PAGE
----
In the shaft of the penis there are two side-by-side chambers of spongy tissue called the corpora cavernosa. They're mainly responsible for erections. Just below them is another chamber called the corpus spongiosum. The urethra, which carries semen and urine, runs through the center of it.
The corpora cavernosa are made of small arteries and veins, smooth muscle fiber, and empty spaces. The chambers are wrapped in a sheath of thin tissue.
When you get an erection, signals from the brain or nerve endings in the penis cause the smooth muscle of the chambers to relax and arteries to dilate, or open wider. This allows a rush of blood to fill the empty spaces.
The pressure of blood flow causes the sheath of tissue around the chambers to press on veins that normally drain blood out of the penis. That traps blood in the penis. As more blood flows in, the penis expands and stiffens, and you have an erection.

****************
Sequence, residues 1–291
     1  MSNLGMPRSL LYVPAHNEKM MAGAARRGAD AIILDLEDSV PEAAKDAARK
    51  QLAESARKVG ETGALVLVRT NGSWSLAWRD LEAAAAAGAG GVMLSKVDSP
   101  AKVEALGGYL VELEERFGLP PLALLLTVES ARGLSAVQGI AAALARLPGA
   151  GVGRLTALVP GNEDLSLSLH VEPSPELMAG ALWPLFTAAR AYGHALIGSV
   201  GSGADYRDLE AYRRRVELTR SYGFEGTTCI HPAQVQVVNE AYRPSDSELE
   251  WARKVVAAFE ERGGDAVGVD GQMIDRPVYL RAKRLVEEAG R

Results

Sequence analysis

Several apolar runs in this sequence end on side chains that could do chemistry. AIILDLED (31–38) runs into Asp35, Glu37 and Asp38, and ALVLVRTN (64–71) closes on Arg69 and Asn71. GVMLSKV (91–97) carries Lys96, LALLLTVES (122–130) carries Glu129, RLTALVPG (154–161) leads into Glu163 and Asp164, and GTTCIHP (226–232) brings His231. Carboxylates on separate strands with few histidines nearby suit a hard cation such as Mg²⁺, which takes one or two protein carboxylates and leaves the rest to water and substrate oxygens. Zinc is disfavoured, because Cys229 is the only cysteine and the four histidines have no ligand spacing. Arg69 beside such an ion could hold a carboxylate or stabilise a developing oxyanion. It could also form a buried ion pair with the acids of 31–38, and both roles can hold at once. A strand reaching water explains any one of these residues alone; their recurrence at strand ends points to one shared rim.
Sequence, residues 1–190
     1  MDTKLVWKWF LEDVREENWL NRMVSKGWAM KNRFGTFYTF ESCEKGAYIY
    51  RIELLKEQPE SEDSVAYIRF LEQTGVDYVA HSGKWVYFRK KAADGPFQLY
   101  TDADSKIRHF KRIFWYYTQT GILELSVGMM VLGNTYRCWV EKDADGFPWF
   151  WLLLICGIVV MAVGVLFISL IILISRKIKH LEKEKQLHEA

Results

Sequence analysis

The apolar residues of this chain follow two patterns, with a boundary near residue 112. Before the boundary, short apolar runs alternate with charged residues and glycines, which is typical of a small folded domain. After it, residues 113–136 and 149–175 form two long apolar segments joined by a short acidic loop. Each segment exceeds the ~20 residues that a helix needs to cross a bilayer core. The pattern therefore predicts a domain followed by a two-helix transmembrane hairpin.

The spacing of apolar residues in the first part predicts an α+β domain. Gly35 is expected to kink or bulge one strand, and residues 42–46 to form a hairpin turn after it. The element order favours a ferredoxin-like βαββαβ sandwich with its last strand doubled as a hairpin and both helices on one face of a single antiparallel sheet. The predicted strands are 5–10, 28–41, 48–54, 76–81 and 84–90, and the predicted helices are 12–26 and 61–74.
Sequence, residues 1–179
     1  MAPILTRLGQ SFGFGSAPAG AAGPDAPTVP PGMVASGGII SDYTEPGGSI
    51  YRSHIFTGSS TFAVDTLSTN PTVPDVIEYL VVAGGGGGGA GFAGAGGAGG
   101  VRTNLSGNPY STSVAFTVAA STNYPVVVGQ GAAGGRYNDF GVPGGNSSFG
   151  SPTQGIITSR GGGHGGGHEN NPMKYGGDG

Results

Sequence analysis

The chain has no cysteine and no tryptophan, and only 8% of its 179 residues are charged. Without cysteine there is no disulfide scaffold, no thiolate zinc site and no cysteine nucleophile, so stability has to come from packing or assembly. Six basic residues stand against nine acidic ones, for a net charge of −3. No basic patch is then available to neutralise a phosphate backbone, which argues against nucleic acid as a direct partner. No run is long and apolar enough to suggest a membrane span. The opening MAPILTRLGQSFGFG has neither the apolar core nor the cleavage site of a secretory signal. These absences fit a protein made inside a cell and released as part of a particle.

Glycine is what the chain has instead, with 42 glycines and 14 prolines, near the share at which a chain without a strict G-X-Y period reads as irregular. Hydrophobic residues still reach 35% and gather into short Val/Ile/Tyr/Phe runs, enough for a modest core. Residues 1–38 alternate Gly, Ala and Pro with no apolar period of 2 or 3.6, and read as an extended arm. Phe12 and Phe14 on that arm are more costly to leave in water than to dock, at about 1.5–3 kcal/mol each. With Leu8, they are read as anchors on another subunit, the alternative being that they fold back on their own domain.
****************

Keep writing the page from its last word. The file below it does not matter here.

When the excitement ends, the smooth muscle contracts again, taking pressure off the veins and allowing blood to flow back out of the penis. Then the penis returns to a flaccid state.
High Blood Pressure and Other Causes of Erectile Dysfunction
High blood pressure is a major cause of erection problems. A study in the Journal of the American Geriatrics Society found that about 49% of men ages 40 to 79 with high blood pressure had erectile dysfunction.
Another study of men with high blood pressure, published in the Journal of Urology, found that 68% of them had some degree of erectile dysfunction. For 45% of the men, it was considered severe.
High blood pressure keeps the arteries that carry blood into the penis from dilating the way they're supposed to. It also makes the smooth muscle in the penis lose its ability to relax. As a result, not enough blood flows into the penis to make it erect.